Have you ever had a moment when desolation hit you so hard you felt like you were stuck in the mud? Just a few weeks ago, I rode the wave of creative energy for several days in a row. Words poured out of me as I wrote talks for a retreat. More words came as I dug into another writing project. I can remember feeling the lightness and joy of living a call and thanking God for the ease of the process.
Then, BAM! The wall of desolation hit out of the blue in the middle of my creative wave one afternoon. I suddenly felt a heaviness come over me. Not only did it feel as if I were stuck in the mud, but my mind could no longer seem to create a clear thought. The lightness and joy I felt were replaced with doubt, heaviness, and confusion. I literally felt like I was stuck with no way out. My former words of thanking God for the call turned to groans of, “Why in the world did you ask me to do this? I am not cut out for this.”
I kept trying to push my way through or find a way out of the desolation. It felt like quicksand as the more I pushed, the more it swallowed me. Finally, completely defeated, I turned my computer off, walked away from my desk, and plopped on my couch, letting out an exasperated sigh. I sat silently grumbling.
As I sat there, a line a friend had texted me from Psalm 40 came into my mind. It was a psalm we both prayed with before, but we really appreciated the recent translation he found as we are both from Louisiana, and it referred to the swamp. The verse that entered my mind read:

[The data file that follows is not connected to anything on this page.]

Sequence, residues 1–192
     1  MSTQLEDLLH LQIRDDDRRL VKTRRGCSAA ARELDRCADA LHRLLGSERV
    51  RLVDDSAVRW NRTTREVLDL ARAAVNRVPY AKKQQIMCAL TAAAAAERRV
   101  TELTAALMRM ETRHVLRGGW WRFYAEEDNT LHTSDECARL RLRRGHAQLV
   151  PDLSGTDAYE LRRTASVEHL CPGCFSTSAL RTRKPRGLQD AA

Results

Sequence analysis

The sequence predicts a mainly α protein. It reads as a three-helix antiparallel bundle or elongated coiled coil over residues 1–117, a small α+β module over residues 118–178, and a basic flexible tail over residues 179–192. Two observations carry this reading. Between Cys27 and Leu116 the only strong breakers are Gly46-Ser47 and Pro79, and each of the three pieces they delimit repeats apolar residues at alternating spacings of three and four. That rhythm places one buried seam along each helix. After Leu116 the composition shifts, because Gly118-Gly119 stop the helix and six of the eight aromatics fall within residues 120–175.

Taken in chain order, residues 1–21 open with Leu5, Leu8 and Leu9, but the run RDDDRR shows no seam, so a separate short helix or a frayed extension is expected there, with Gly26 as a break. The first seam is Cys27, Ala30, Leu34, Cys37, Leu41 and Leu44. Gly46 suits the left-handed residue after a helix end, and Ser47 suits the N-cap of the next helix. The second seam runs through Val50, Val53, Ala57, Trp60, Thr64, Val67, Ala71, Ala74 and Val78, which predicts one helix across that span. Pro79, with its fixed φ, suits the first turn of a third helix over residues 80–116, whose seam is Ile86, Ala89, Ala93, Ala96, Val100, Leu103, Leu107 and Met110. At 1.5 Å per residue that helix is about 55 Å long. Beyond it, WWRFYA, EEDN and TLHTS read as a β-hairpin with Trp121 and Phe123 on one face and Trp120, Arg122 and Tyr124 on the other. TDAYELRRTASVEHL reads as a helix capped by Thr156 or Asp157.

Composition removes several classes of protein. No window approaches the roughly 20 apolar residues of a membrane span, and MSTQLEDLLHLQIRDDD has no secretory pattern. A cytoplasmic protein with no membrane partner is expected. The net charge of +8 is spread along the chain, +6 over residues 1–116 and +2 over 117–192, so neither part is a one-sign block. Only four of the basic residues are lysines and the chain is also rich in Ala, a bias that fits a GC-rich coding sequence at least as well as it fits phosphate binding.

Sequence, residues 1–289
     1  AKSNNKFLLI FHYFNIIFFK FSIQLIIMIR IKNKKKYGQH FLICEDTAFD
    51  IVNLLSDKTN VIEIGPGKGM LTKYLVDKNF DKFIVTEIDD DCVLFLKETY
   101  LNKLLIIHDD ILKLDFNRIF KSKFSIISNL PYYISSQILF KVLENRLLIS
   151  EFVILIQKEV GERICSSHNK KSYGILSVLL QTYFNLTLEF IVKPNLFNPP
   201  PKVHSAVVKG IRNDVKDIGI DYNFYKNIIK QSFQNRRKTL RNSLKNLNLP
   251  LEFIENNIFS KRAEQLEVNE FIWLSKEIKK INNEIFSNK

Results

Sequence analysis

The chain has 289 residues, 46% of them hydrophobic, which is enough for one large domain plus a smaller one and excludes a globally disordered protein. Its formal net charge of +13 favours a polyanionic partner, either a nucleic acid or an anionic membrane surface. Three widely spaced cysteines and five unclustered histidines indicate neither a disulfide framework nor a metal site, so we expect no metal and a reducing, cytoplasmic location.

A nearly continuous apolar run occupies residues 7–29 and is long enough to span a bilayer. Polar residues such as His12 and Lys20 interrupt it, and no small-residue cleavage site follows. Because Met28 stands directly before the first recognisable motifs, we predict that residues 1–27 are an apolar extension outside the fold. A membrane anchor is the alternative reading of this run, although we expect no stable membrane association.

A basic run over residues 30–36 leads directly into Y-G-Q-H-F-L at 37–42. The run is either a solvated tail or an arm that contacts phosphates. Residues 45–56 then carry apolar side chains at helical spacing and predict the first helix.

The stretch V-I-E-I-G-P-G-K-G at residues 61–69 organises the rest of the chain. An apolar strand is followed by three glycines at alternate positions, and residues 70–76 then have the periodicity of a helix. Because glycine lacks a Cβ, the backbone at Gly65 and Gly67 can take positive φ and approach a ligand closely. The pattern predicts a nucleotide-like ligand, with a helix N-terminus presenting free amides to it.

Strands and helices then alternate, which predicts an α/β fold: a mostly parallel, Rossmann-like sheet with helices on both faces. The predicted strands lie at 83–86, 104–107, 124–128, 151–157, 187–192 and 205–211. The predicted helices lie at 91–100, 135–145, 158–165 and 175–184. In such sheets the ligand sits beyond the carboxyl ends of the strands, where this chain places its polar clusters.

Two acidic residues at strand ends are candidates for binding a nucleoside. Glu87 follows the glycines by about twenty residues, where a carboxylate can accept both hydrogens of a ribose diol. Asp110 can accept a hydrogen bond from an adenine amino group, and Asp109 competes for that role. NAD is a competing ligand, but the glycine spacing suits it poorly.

God drew me out of the pit of destruction,
Out of the mud of the swamp,
Set my feet upon rock,
Steadied my steps. (Psalm 40:2)
When my friend texted me this verse a few days earlier, I immediately thought what a great description it was of the way God helps us out of desolation, especially when it is at the point of swallowing us. I repeated the line over to myself a few times, and I began to chuckle at how much it felt like I was in the Louisiana swamp that afternoon, trying to make my way through the thick, muddy waters of doubt and desolation.
The words of the psalm reminded me, though, that I did not have to stay stuck in the muddy swamp of desolation. The Holy Spirit would draw me out of it and steady my steps again. Even as I named this realization, heaviness began lifting a bit. Understanding I was stuck in the mud of desolation, I ran through St. Ignatius’s rules, the same ones I offer in spiritual direction meetings when people find themselves in desolation:
- Never change anything when in desolation. Stay the course.
- Do not keep it secret. Name it to God. Name it to trusted friends.
- Beg God to get you out of it.
- Pray more.
- Work against it.
I not only named the desolation to myself, but I began asking God fervently to help me get out of desolation. I texted two trusted friends to ask for their prayers as well. While the feeling of being stuck did not dissipate right away, there was a slow lifting up of my spirit over the next few hours. At bedtime, I talked to God more about all I was facing and feeling. As I did, I realized that there was no surprise desolation reared its head after a long, creative burst of energy and consolation. As I fell asleep that night, I knew what I had to do the next day. Work against the desolation by doing the very thing I was called to do—write.
That’s what I did the next morning after my normal morning prayer time and getting my kids on the bus—I sat down and made myself write. As my fingers hit the keys, I felt a surge of energy as the words that I thought had surely left me the day before returned. I typed a bit more, and as I did, I felt Psalm 40 take shape—God pulling me out of the mud of the swamp, setting my feet upon rock, and steadying my steps to once again say yes to my God-given call.